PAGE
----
3. Be Honest


Not “be cruel,” but rather “be honest.” Most people think that being honest means ripping those around them a new one. “I only told him that for his own good.” Crap. That kind of honesty is meant to hurt and to punish others, thereby some­how making your­self feel better.

All true honesty is self-honestyIn Buddhist thought, youare the Universe) and there­fore all there is is you, acting. But you don’t have to join me there. What I’m nudg­ing you toward is total accep­tance that who you are is who you are, and you got that way solely by the choices you made.

I am there­fore urging you to commit to being honest about the only thing you have a chance of know­ing — your­self. In this moment, all you can know is what you are choos­ing to be aware of. This might include sensory data, your inter­pre­ta­tions (the story you are telling your­self) and your inten­tions.

And here is an inter­est­ing twist. I often tell clients that I don’t care what they tell me they intend to do. I only care about what they actu­ally do. So, if they say they intend to be honest, and then lie to me or to another, who they are is a liar. She or he is not a liar with good inten­tions, as inten­tions mean noth­ing until they are enacted.

Honesty, as I am using it, is all about letting my near­est and dear­est know what is “up” for me, in this moment. As such, honest commu­ni­ca­tion is always “I” language. I cannot know anything about “you” — anything I say is a guess based upon my expe­ri­ence, and is there­fore about me, not you. So, I must let go of ‘play­ing Kreskin’ and get down to being open, honest and reveal­ing — about me.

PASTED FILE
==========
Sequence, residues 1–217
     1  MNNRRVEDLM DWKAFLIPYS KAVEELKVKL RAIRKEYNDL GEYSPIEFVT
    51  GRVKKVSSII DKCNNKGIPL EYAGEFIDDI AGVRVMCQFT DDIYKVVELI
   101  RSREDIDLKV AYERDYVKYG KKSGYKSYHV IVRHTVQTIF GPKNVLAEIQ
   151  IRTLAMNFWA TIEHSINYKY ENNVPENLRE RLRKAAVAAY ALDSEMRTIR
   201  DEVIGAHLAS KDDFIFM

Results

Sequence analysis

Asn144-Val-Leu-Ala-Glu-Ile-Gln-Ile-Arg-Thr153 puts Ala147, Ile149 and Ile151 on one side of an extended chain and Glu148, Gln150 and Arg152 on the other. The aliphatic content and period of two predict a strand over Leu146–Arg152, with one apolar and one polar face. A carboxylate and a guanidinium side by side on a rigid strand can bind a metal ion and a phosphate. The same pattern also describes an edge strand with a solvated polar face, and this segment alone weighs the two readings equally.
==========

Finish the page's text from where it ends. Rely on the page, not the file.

Remember: honesty is about self-reve­la­tion, and all I can tell you about is what I am aware of today. Gandhi (after cancelling a salt march because of threats of violence) was crit­i­cized for not follow­ing through — for lying. He replied, “I promised you truth, not consis­tency.” Honesty is all about report­ing what is going on for me, right now. Here is what I am telling myself, here is what I am judg­ing to be going on for me, and here is what I intend.

And then, be a person of integrity. Do what you say you will do.

4. Be Self-responsible


Self-responsibility is not popu­lar, and it’s because of the stuff I’ve just writ­ten about. To be self-responsible is to own up to the present state of your life, and to do this all the time. This owning up has the follow­ing basis: I am where I am, solely, because of how I have chosen to view and live my life.

No one is doing anything to any of us. No one makes us feel. Short of putting a gun to my head, no one can ‘make’ me do anything. No matter what I tell myself, I am the captain of my fate.

Now, of course, you’re going to want to argue with me and pull out all of your tried and true abuse stories, and let me know, in no uncer­tain terms, how hard done by you were. Or are. And my only ques­tion to you is, “How is that story work­ing for you?”

If you like feel­ing stuck and sorry for your­self, keep telling your­self the same stuff. Keep pretend­ing that the stuff in your head is true. Keep re-enacting the same sorry stories, and add embell­ish­ments as soon as the story starts to get lame.

Or, become self-responsible.

It begins with honesty. Before you get into story-telling, start with “Here is the story I am telling myself. It’s not true, it’s not false, it’s just this moment’s story.” Admitting you are making it up as you go along is the first step in self-responsible living.

In a sense, this is all about letting the rest of the world off the hook for what you are doing with your life. I am not deny­ing that terri­ble crap happens to people. I see the world. I also know that the only way past the horrors of the past is to choose to live and act in the present.

I recog­nize that this is not easy, but play­ing the “poor me” card is guar­an­teed to get you more of the same. That may not be ‘fair’ (whoever told you life was supposed to be fair was lying to you) but it is the way it is.

Self-responsibility is, like our previ­ous exam­ple, “I” language enacted. It brings our atten­tion to the only thing under our control — our selves and our actions (which are really the same thing — you are noth­ing beyond what you actu­ally do.) I claim owner­ship for who I am and what I do, and for noth­ing else. As such, my favourite word, integrity, comes to the fore.